NERVOUS SYSTEM: Autonomic nervous system dysfunction, including gastrointestinal complaints or unexplained weight loss6,20,29,30
  • Gastrointestinal complaints due to autonomic dysfunction include diarrhoea and constipation31
  • Orthostatic hypotension due to autonomic dysfunction is another symptom that may occur with ATTR-CM6,20,29



There are several additional signs/symptoms that could be clues for cardiac amyloidosis and ATTR-CM, which include:

Strain imaging showing apical sparing or apical preservation1,3,8,12,28 

Longitudinal strain seen on echocardiography is reduced in the basal and midwall area; however, the apical strain is spared or preserved1,3,8,12,28

A history of bicep tendon rupture31,32

A diagnosis of hypertrophic cardiomyopathy1,3,33

Arrhythmias such as atrial fibrillation (most common) or other conduction abnormalities, which may require a pacemaker5,6,14,16,33,34

Aortic stenosis (AS) and ATTR-CM may occur in elderly patients, notably those with a low-flow, low-gradient AS pattern35-37

Hip and knee arthroplasty38

cardiac amyloidosis the need for early diagnosis

Echocardiology in cardiac amyloidosis. a-b Granular echogenic appearance of the ventricular wall with the clear hypertrophy and some pericardial effusion. Left ventricular ejection fraction is preserved (c), septial tissue Doppler longitudinal movement is reduced (d). Longitudinal strain analysis from the 3 apical views showing characteristic apical sparing (bull's eye) with reduced strain at the mid and basal level (e).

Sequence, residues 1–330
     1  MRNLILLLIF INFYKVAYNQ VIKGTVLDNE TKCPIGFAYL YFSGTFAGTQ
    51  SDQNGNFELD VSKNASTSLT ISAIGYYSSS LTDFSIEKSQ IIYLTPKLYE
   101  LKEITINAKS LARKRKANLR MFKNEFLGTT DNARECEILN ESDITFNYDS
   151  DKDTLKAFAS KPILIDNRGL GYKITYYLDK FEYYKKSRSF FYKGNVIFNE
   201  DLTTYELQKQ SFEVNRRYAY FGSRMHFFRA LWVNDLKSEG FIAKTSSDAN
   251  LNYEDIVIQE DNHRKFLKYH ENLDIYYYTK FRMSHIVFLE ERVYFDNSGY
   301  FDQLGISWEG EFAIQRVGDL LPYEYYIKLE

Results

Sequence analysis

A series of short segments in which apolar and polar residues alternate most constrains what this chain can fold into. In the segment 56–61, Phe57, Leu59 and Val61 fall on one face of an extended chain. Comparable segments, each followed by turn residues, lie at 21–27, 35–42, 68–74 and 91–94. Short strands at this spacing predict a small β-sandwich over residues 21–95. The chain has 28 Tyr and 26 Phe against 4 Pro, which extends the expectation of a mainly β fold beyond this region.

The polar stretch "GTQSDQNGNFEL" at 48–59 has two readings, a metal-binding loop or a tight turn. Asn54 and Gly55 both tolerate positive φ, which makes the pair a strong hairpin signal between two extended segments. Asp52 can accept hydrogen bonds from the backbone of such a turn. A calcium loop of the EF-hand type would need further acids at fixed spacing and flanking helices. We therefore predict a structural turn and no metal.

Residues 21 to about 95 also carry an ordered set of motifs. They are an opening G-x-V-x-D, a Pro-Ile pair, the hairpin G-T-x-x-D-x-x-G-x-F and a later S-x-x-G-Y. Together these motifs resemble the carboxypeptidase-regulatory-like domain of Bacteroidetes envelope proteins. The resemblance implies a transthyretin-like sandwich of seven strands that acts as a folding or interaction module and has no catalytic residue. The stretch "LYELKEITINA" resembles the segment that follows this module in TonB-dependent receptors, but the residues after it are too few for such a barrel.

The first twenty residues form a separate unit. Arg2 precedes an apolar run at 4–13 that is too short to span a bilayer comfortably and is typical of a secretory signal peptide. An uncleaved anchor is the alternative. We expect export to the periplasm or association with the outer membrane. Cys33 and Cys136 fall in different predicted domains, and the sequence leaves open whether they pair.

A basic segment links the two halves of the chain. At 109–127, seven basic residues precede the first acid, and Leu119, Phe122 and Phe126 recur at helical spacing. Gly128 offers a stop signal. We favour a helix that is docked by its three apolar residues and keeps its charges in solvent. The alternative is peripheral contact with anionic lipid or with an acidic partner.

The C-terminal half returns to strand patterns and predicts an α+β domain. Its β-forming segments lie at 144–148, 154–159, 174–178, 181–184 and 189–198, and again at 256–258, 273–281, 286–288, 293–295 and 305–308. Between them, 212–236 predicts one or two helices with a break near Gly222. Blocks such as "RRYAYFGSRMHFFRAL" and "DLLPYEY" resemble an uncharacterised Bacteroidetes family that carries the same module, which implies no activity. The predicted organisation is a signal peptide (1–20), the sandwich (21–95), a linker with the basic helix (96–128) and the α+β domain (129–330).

Reproduced from Oerlemans MIFJ, Rutten KHG, Minnema MC, Raymakers RAP, Asselbergs FW, de Jonge N. Cardiac amyloidosis: the need for early diagnosis. Neth Heart J. 2019;27(11):525-536. doi: 10.1007/s12471-019-1299-1, under Creative Commons Attribution 4.0 International License (

The Hidden Clinical Clues of ATTR-CM

Discover how a cardiologist suspects ATTR-CM

In the first video, a colleague asked Dr. Detective for help with a tough case. Watch to see how looking for certain signs and symptoms can point to ATTR-CM. 





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18. Connors LH, Prokaeva T, Lim A, et al. Cardiac amyloidosis in African Americans: Comparison of clinical and laboratory features of transthyretin V122I amyloidosis and immunoglobulin light chain amyloidosis. Am Heart J. 2009;158(4):607-614.
19. Nakagawa M, Sekijima Y, Yazaki M, et al. Carpal tunnel syndrome: a common initial symptom of systemic wild-type ATTR (ATTRwt) amyloidosis. Amyloid. 2016;23(1):58-63.
20. Rapezzi C, Merlini G, Quarta CC, et al. Systemic cardiac amyloidoses: disease profiles and clinical courses of the 3 main types. Circulation. 2009;120(13):1203-1212.
21. Sperry BW, Reyes BA, Ikram A, et al. Tenosynovial and cardiac amyloidosis in patients undergoing carpal tunnel release. J Am Coll Cardiol. 2018;72(17):2040-2050.
22. Westermark P, Westermark GT, Suhr OB, Berg S. Transthyretin-derived amyloidosis: probably a common cause of lumbar spinal stenosis. Ups J Med Sci. 2014;119(3):223-228.
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PP-RDP-IRL-0077 Date of Preparation : April 2020